Looking a little into the sensibilities and social commentary of H.G. Wells one can see that The War Of The Worlds was addditionally part of his ongoing crusade towards the need for the establishment of social democracy as the ultimate form of government. For this reason (amongst others) he is regarded as something of a prophet on scientific and social development. Wells loathed the purely Capitalist (now labelled Neocon) view of the world that he saw as causing the atomisation of society into enclaved groups of haves and have-nots. The director John Carpenter has continued this crusade for the modern generation with his society/sci-fi genre along with the writings of Kurt von Vonnegut.
In a very Scandinavian style of sensibility, he sensed the animalistic nature of society that would descend to the lowest common denominator of "me-ism" without the establishment of an underlying perpetuating values system whereby common folk could trust themselves to a system devised for the greater common good. This may seem very paternalistic and colonial in nature but Wells did perceive that people are very fallible (all too human) and far from being as "unknowable" as we presume ourselves to be, this cohesive system would be infinitely preferable to Law of the Jungle style economics.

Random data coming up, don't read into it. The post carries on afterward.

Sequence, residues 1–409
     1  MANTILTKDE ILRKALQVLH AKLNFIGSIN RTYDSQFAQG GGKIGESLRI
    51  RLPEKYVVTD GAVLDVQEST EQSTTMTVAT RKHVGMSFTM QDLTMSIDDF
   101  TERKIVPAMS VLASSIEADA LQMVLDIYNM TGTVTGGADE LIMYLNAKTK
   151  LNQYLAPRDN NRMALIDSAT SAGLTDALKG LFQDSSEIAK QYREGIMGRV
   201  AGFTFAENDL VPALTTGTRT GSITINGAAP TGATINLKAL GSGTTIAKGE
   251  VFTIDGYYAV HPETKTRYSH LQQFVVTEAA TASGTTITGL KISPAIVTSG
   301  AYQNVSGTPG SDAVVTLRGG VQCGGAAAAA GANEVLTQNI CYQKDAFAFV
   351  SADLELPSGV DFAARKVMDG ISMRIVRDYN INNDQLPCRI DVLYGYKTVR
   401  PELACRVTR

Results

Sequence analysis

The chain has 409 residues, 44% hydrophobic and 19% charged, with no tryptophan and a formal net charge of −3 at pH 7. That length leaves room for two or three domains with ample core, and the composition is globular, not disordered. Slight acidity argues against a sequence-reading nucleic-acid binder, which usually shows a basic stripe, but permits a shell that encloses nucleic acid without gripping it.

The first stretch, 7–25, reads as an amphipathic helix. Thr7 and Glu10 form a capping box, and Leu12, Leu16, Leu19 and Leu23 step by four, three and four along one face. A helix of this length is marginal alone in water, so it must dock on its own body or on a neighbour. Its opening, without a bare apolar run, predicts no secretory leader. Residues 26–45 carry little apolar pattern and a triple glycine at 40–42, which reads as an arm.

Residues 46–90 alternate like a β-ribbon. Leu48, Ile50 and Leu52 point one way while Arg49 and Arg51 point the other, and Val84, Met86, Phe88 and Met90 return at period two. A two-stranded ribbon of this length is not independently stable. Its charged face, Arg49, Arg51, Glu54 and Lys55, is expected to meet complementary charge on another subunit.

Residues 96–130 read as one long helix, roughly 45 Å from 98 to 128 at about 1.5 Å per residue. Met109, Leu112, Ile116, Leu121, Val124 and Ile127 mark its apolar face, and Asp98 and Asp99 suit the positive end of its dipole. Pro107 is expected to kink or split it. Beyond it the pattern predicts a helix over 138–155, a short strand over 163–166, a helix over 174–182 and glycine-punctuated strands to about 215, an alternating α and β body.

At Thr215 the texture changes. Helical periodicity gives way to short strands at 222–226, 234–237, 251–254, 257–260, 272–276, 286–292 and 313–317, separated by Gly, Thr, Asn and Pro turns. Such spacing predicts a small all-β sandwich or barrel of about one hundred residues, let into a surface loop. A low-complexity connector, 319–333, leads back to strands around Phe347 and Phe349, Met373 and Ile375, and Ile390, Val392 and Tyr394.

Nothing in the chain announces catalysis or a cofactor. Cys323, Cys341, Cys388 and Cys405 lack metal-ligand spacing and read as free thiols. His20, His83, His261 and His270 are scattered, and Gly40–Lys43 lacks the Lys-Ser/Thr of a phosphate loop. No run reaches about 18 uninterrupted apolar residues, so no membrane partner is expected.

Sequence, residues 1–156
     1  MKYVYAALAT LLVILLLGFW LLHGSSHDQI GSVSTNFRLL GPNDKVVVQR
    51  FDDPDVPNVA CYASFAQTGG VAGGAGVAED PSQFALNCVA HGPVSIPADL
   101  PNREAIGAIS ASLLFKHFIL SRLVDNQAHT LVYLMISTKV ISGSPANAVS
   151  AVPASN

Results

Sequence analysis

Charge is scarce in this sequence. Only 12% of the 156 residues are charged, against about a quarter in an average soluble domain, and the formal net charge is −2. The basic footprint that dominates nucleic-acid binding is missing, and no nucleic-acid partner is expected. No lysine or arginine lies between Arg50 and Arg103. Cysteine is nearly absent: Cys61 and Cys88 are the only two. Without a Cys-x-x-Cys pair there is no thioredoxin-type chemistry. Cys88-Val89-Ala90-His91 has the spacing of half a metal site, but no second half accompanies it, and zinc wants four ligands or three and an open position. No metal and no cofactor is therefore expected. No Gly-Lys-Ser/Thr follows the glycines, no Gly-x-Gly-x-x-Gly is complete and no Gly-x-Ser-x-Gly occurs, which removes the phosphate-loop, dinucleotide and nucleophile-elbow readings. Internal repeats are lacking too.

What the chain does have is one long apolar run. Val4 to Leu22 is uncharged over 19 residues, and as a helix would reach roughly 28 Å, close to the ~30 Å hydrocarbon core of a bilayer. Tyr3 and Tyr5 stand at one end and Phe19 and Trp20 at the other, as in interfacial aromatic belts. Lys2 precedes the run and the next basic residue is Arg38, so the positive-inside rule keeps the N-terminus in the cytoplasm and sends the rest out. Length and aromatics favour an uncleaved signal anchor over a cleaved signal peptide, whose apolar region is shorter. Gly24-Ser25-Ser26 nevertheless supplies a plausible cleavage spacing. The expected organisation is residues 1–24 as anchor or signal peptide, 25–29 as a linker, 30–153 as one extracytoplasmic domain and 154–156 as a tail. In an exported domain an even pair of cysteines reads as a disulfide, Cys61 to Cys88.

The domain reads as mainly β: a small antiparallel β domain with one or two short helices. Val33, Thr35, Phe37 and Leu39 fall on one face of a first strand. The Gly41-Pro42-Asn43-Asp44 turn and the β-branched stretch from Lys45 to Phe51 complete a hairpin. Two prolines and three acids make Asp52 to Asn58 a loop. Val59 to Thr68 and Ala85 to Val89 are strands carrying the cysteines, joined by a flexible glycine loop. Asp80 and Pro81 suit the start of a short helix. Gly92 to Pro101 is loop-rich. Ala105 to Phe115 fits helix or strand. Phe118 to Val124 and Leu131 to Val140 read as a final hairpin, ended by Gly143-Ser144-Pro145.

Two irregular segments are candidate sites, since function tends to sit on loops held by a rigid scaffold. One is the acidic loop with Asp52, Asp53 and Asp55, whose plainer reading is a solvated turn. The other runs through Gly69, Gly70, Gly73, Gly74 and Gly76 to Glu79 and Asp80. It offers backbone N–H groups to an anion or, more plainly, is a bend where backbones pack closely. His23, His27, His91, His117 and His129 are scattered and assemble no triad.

By demonstrating some of the main types of basic humanistic reactions to an event such as the invasion of Martians (or hurricane in New Orleans, if you will) he categorises a range of human emotions within each sub-type (soldier, padre, astrologist, common citizen, rich, poor, etc.) and casts himself as a member of the American 4th estate (journalist) as eternal seeker of truth. The intention is to demonstrate (through the defeat of the invaders by the simplest organism on the planet) that Man is not nearly as clever as he or she perceives themselves to be without a cohesive society from within which to operate..